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Please use this identifier to cite or link to this item: http://bura.brunel.ac.uk/handle/2438/6837

Title: Significance of the microfluidic concepts for the improvement of macroscopic models of transport phenomena
Authors: Krol, M
3rd Micro and Nano Flows Conference (MNF2011)
Keywords: Dynamics of disperse systems
Single- and multiphase flows
Interdisciplinary education
Publication Date: 2011
Publisher: Brunel University
Citation: 3rd Micro and Nano Flows Conference, Thessaloniki, Greece, 22-24 August 2011
Abstract: Complexity of transport phenomena - ranging from macroscopic motion of matter, heat transfer, over to the molecular motions determining the overall flow properties of fluids, or generally aggregation states of matter – inhibited development of a single mathematical model describing simultaneously transport processes at all relevant scales. In classical engineering sciences at each scale level we have different equations, different fundamental variables and different methods of solution [4]. The established basis of the classical fluid dynamics - the Navier-Stokes equations [1, 3] - have apparently nothing in common with molecular physics. At the macroscopic scale of motion the molecular structure of matter and the microscopic molecular motions are ignored (even though they determine the local macroscopic behaviour) [1, 3, 4]. To describe multiphase flows, still other methods must be used – increasing further the number of equations, methods of solution etc. The serious disadvantage of this approach is, that equations describing macroscopic models (Navier-Stokes and there from derived equations), introduce multiple theoretical problems: - higher order continuity requirements [3]; - numerous paradoxes in simple macroscopic flows (Bernoulli eq.); - different equations with different fundamental variables and different methods of solution, build a set of disciplines devoted in principle to a single problem – dynamics of disperse systems.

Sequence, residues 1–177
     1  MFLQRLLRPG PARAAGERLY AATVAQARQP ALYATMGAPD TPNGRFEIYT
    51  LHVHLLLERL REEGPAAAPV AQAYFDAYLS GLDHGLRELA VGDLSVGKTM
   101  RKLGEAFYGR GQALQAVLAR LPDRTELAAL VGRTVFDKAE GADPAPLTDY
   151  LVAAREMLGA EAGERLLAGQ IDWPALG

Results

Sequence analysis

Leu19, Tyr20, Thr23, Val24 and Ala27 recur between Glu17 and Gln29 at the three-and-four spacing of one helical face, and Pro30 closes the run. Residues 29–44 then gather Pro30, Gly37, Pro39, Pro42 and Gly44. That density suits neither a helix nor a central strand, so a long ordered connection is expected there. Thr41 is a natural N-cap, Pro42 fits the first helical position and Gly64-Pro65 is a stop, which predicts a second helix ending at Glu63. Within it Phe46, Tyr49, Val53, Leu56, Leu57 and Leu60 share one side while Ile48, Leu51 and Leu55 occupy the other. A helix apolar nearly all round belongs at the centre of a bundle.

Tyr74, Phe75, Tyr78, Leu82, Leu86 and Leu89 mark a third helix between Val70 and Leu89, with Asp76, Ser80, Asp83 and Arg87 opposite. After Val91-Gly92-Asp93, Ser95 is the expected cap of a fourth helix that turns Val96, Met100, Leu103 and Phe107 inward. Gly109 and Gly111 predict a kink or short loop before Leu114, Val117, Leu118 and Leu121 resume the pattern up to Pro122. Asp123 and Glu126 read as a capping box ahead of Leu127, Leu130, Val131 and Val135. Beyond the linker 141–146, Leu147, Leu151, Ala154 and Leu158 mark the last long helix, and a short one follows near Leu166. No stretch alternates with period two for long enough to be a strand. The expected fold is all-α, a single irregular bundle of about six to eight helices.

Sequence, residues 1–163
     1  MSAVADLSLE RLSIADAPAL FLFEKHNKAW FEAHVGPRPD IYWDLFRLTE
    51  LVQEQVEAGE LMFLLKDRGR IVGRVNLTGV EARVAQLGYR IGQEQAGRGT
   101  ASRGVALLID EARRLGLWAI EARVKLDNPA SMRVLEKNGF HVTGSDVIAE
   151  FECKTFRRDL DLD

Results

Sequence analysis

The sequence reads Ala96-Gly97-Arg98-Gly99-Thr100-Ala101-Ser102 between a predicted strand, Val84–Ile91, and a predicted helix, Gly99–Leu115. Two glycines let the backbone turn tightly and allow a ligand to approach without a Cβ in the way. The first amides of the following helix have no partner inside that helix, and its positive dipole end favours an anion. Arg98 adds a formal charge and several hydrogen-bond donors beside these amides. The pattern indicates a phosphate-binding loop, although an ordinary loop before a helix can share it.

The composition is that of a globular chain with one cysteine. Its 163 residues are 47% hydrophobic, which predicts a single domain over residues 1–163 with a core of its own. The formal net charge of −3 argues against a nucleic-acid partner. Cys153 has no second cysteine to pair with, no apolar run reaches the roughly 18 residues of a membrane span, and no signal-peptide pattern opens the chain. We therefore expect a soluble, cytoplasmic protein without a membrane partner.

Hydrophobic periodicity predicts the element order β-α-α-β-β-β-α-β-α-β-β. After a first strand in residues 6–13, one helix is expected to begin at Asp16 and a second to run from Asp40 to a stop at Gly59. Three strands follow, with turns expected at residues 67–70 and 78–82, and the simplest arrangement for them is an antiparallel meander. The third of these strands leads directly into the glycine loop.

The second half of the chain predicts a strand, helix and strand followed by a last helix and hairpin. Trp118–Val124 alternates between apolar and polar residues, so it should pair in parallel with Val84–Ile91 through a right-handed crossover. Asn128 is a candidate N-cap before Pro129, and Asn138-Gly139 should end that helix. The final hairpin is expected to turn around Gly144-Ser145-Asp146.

Description: This paper was presented at the 3rd Micro and Nano Flows Conference (MNF2011), which was held at the Makedonia Palace Hotel, Thessaloniki in Greece. The conference was organised by Brunel University and supported by the Italian Union of Thermofluiddynamics, Aristotle University of Thessaloniki, University of Thessaly, IPEM, the Process Intensification Network, the Institution of Mechanical Engineers, the Heat Transfer Society, HEXAG - the Heat Exchange Action Group, and the Energy Institute.
URI: http://bura.brunel.ac.uk/handle/2438/6837
ISBN: 978-1-902316-98-7
Appears in Collections:Brunel Institute for Bioengineering (BIB)
The Brunel Collection

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